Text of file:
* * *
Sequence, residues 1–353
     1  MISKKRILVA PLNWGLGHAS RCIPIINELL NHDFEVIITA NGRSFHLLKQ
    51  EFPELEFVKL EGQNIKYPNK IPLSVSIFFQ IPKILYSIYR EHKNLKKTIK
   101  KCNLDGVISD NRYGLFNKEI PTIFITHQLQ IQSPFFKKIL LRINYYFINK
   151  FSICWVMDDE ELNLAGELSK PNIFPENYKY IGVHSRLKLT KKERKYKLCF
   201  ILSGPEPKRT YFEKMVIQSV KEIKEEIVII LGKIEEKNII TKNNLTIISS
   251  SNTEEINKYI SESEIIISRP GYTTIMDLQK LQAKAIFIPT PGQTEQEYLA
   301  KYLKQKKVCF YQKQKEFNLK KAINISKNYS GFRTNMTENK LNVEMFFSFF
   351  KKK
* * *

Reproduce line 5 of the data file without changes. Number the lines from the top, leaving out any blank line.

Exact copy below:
   151  FSICWVMDDE ELNLAGELSK PNIFPENYKY IGVHSRLKLT KKERKYKLCF